Lulu Rodriguez, Greenlee School, (515) 294-0484

Dale Woolery, Partnership for a Drug-Free Iowa, (515) 242-6391

Steve Sullivan, News Service, (515) 294-3720


AMES, Iowa -- Iowans are taking notice of anti-drug public service ads, a new Iowa State University study indicates.

The effectiveness of public service advertisements by the Partnership for a Drug-Free Iowa (PDFI) was evaluated by a team of graduate and undergraduate students led by Lulu Rodriguez, associate professor in Iowa State's Greenlee School of Journalism and Communication. The evaluation was commissioned by PDFI.

The team conducted a statewide survey to measure the ads' impact on the public's knowledge and attitudes about illegal drugs, as well as their influence on behavior. The group also conducted focus groups with Iowa high school students.

The survey indicated that more than 90 percent of the 553 respondents recalled hearing or seeing a PDFI public service ad and could remember its message. In general, respondents were able to remember scenes in the ads, and could name a slogan or message from the anti-drug ads, said Rodriguez.

More than 66 percent of the respondents agreed that drug prevention ads made them more aware of the risks of using drugs. The majority of the respondents also indicated that the ads made them more aware that families should be concerned about Iowa's drug problem. Approximately 65 percent recalled the ads' message regarding the need to talk to children about the dangers of drugs.

Nearly a quarter of those exposed to the ads said they had learned something new, while nearly half said they had been reminded of things they had forgotten. More than half of the respondents said the ads made them feel a responsibility to stay away from drugs.

The findings are interesting because most communication research indicates that these types of public service campaigns have little effect, said Rodriquez.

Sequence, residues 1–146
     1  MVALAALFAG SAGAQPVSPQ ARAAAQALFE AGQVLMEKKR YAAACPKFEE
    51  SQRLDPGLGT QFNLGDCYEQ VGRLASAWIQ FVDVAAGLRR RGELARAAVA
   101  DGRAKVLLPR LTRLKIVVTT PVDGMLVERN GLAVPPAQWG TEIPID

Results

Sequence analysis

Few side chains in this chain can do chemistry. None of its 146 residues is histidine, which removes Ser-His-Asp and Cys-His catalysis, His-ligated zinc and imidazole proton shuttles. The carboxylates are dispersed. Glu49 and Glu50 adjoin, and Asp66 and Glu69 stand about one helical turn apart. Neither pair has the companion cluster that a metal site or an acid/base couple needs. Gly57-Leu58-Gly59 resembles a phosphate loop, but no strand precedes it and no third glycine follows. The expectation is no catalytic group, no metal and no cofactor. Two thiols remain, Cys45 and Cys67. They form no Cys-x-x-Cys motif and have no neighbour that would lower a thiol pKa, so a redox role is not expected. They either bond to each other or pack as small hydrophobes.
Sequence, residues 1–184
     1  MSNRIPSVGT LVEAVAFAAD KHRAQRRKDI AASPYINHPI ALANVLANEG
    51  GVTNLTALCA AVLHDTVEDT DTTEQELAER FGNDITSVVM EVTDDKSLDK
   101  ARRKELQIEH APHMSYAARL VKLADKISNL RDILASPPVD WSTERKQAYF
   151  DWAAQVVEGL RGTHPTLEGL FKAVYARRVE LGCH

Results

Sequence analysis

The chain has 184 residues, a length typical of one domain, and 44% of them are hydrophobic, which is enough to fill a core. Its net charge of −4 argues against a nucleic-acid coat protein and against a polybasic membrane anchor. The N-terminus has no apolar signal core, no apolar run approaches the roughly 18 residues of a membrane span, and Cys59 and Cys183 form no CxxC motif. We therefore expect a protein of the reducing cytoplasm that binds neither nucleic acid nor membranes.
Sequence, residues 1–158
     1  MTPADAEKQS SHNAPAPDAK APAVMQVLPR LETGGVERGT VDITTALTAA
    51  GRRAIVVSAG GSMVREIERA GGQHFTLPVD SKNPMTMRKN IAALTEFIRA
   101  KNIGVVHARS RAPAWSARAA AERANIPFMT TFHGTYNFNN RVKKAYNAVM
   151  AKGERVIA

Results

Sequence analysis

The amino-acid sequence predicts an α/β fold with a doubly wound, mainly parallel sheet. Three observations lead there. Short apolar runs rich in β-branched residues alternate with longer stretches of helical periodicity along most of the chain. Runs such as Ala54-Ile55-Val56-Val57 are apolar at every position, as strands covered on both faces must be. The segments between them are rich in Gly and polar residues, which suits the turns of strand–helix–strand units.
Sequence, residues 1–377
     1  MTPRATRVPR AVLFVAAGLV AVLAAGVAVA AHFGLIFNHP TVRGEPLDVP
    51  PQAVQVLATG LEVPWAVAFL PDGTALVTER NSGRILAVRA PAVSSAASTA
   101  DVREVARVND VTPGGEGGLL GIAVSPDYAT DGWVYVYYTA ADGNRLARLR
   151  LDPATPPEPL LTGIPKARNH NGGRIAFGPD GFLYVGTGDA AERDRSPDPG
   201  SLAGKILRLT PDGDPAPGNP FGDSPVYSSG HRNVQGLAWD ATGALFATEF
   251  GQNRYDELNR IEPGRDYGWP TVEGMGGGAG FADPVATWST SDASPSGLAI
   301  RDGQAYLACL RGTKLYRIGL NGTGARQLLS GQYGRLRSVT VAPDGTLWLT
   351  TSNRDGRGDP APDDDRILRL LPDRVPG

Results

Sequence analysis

The ads also had some influence on behavior, said Rodriguez. Nearly one-fourth of the respondents had taken action to assist in the statewide effort to curb drug use after exposure to the ads. Among actions cited were contacting legislators or talking to young people about drugs.

The survey also found that respondents think parents who have children under 18 are likely to think drugs are a problem and are willing to talk to their children about it. However, only about half of the parents with teenagers indicated that they had talked to their children about drugs in the six months prior to the survey.

The group plans to re-survey the respondents in February to determine if exposure to PDFI public service ads has had a lasting impact.

To measure the impact of the ads on teenagers, the Iowa State research team did focus groups with high school students from Roland-Story City, Gilbert and Nevada high schools.

"The focus groups indicated that teens think drug use is one of Iowa's biggest problems, which is an indication that the ad campaign has been effective in getting messages about drug issues out to the public," said Rodriguez. "The participants agreed that the drug issue needs to be addressed with drug-prevention campaigns such as this one sponsored by the Partnership. It appears that the campaign has been successful in making Iowans in general aware of drug abuse as a social issue."

Other notable findings based on input from the teen focus groups:
  • PDFI ads work to keep many people from trying drugs. Reaching young people with anti-drug messages is a worthy goal.
  • Teens get most of their anti-drug messages from radio. (Adults, according to the survey, get most of their information from television.)
  • Teens find few connections between their circumstances and those of celebrity spokespeople used in anti-drug ads.
  • Teens are exposed to marijuana more often than any other illegal drug.
  • Teens perceive parents as lacking knowledge regarding drugs and believe parents are ill equipped to discuss drugs with them.

    "The Iowa State study confirms that public service advertising can be a very effective tool for increasing knowledge and shaping attitudes about illegal drugs, leading more people to get involved in preventing drug use," said Dale Andringa, president and chairman of the Partnership for a Drug-Free Iowa. "A lot of credit for the success of the Partnership for a Drug-Free Iowa goes to the hundreds of media partners and financial supporters who make the public service campaign possible."


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